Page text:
‘The supremacy of Parliament is still the general principle of our constitution.’ Those were the words of Lord Steyn in R (Jackson) v Attorney-General in 2005. In one sentence he summed up the new dangerous assertion by the judiciary that parliamentary sovereignty is no longer the fundamental principle of the British constitution. Luckily not every judge in this case agreed with Lord Steyn’s radicalism, but the mere fact that a Law Lord felt able to question more than two centuries of accepted constitutional fact is noteworthy in itself.
In a little-reported amendment to the Crime and Courts Bill earlier this week, Lord Phillips of Worth Matravers, the recently retired President of the Supreme Court, sought to transfer the power of appointing the Chief Executive of the Supreme Court from the Lord Chancellor, currently Chris Grayling to the President. The move is supported by Lord Neuberger, President since October this year, and Lord Pannick QC, a leading Crossbencher in the House of Lords and constitutional expert. Their reasoning is that the Supreme Court, and by extension the judiciary as a whole, must have its independence assured and asserted.
In many ways this amendment is largely irrelevant. It makes sense that the Chief Executive, charged with running the Supreme Court rather than making any judicial decisions, should be appointed by and accountable to the President. However, it is yet another reflection of how the principles of the British constitution have been flouted and undermined by the misguided notion that independence can only be guaranteed by physical distance, and that you can get rid of one constitutional construct without impinging adversely on another.
Parliamentary sovereignty relies on the idea that statute is supreme. Whatever Parliament says is the ultimate law of the land, and the only time a judge can dispute statute is when it contradicts another more important statute. The United Kingdom is the only country in the world with a principle quite like this because rather than being a principle consciously created and established, it arose out of the miasma of history, and effectively discovered by Sir William Blackstone in the eighteenth century when he wrote his Commentaries on the Laws of England.
One of the reason this principle was able to be sustained however was that Parliament represented the melting pot of every branch of the constitution: the executive, the legislative and the judiciary. Now that the body that constitutes the ultimate part of the judicial process, the Law Lords, have been moved from the House of Lords to the Supreme Court across Parliament Square, it means the judiciary is no longer integrated into the legislative process. The main reason why judges had to respect the supremacy of statute was because, by sitting in the House of Lords, they had in effect subscribed to the legislation.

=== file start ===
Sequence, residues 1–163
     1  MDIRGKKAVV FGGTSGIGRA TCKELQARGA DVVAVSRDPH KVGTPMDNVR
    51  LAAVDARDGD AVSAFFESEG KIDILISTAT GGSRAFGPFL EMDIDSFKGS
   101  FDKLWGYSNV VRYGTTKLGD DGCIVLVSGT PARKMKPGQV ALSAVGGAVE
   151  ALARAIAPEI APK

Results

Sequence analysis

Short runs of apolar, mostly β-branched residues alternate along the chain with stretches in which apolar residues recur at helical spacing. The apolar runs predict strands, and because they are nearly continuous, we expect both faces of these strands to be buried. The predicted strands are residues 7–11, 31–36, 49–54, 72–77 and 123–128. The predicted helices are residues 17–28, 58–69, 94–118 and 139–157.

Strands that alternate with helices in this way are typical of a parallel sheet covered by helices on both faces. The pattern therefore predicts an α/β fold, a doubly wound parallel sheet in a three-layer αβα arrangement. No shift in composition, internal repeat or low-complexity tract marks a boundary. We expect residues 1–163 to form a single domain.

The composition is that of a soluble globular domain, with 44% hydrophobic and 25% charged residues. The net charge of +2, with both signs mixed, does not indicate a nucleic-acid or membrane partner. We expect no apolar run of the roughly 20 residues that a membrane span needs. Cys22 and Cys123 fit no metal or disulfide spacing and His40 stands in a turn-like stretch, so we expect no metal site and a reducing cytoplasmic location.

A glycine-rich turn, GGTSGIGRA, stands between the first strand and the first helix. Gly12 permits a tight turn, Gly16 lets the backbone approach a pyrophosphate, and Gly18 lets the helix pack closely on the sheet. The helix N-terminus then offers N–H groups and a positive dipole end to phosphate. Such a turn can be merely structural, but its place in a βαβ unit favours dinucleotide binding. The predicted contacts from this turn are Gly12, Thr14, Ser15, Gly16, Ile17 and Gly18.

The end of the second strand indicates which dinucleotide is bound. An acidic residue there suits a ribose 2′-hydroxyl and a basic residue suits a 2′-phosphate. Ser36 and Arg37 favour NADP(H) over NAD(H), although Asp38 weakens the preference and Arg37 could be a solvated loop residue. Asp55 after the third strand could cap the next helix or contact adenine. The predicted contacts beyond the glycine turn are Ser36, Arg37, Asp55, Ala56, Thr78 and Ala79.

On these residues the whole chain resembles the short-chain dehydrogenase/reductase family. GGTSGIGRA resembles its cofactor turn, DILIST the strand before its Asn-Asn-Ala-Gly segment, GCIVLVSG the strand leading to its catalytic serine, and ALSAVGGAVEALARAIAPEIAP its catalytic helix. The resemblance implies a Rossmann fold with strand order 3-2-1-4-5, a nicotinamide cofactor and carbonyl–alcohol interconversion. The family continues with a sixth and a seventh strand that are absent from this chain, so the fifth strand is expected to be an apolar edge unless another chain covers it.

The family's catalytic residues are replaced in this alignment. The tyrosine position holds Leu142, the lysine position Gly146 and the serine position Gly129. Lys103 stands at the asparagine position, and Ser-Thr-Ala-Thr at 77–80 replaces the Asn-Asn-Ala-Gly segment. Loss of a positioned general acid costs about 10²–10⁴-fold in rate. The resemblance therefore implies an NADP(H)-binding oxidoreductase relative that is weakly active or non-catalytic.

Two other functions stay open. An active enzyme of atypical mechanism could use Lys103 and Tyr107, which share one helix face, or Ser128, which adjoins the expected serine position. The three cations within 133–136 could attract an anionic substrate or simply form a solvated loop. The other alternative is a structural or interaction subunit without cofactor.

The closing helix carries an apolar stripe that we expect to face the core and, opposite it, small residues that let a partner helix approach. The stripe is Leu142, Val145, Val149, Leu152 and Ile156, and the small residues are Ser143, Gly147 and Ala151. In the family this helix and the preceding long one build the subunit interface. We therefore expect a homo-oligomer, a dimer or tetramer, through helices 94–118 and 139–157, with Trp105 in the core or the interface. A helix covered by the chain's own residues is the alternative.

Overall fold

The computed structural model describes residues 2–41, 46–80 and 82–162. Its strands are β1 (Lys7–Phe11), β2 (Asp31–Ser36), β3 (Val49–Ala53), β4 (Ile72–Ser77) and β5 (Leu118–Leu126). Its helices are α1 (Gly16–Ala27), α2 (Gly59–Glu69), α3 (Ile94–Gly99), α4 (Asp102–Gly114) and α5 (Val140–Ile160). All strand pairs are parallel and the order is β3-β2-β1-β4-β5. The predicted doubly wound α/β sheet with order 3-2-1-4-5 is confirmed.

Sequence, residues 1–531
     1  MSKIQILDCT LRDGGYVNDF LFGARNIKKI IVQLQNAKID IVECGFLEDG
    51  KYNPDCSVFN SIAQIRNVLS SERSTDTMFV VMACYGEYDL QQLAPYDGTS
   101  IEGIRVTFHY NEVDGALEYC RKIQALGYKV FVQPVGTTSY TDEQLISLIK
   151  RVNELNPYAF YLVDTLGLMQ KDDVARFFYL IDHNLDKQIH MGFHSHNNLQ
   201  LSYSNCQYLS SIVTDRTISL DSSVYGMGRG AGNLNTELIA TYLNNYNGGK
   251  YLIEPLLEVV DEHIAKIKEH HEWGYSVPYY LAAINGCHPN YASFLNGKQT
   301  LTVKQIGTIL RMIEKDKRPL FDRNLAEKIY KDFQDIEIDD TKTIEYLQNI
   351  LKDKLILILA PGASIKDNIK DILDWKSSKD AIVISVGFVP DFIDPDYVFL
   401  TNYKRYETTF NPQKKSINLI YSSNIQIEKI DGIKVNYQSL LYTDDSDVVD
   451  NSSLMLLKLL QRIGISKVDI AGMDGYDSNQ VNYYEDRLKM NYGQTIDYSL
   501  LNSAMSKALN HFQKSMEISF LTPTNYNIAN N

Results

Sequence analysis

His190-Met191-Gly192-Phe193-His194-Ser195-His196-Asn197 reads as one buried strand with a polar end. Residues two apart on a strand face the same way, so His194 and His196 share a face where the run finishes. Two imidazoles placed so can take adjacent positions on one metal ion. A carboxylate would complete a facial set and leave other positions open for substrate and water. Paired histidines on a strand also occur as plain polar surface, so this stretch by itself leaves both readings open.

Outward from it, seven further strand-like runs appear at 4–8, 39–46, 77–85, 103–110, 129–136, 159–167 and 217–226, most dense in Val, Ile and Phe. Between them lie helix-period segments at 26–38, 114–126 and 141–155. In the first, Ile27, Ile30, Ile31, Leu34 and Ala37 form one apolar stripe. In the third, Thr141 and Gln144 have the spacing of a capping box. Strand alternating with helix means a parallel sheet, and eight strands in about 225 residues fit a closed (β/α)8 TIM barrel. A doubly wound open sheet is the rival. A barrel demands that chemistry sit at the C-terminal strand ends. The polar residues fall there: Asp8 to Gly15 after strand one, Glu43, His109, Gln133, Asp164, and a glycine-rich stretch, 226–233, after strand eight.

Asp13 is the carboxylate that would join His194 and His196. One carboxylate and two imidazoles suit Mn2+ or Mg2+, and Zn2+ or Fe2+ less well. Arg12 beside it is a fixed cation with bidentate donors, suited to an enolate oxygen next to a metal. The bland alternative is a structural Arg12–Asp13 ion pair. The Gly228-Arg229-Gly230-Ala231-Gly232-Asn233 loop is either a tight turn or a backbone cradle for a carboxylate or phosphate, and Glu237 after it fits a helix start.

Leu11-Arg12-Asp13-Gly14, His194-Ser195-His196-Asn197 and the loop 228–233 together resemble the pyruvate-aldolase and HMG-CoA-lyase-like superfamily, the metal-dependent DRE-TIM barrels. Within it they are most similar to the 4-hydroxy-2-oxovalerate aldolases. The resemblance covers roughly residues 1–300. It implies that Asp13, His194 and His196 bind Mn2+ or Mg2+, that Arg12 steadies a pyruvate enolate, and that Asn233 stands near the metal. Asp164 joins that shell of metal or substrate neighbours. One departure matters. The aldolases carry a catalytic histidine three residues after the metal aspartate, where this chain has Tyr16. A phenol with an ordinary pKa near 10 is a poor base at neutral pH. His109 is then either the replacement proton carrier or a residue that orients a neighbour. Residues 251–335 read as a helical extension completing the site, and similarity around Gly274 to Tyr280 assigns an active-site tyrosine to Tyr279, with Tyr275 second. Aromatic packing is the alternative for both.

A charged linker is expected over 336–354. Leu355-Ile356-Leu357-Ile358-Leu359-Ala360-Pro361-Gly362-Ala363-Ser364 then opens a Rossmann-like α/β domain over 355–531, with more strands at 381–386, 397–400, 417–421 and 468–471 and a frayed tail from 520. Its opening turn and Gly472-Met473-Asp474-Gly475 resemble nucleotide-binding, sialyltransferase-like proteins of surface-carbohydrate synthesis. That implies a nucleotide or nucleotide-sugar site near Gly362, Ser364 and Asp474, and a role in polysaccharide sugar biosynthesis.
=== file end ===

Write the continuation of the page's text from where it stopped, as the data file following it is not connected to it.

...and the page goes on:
It is important to emphasise that in no sense is the importance of an independent judiciary being questioned. In 2004, Lord Bingham, one of the most important judges of recent times, was approached to meet Charles Clarke, then Home Secretary, after the Law Lords ruled that the Anti-terrorism, Crime and Security Act 2001 was incompatible with the Human Rights Act 1998. Lord Bingham refused to meet, recognising that it was unlikely to be purely social in nature, and even if it were, it was inappropriate for a judge to liaise with a minister over whose legislation he may have to pass judgment. Lord Bingham’s decision was entirely right and proper in this situation.
But there is a difference between Parliament and an individual minister of the Crown. Parliament is the democratic body that represents the will of the people. As such, judges are expected and required to listen to Parliament, and to override other common law principles if it is what Parliament decides.
With each and every step the judiciary takes to distance itself from Parliament, this principle becomes more obscure, and Parliament’s claim to legal supremacy increasingly suspect. It makes the road towards judicial supremacy ever shorter, and the time when legislation is subject to judicial veto, just like in the United States, ever nearer.
Whenever this is threatened, no matter how small the change, it must be resisted at all costs; and retaining executive oversight of the Supreme Court is just one more of those battles.
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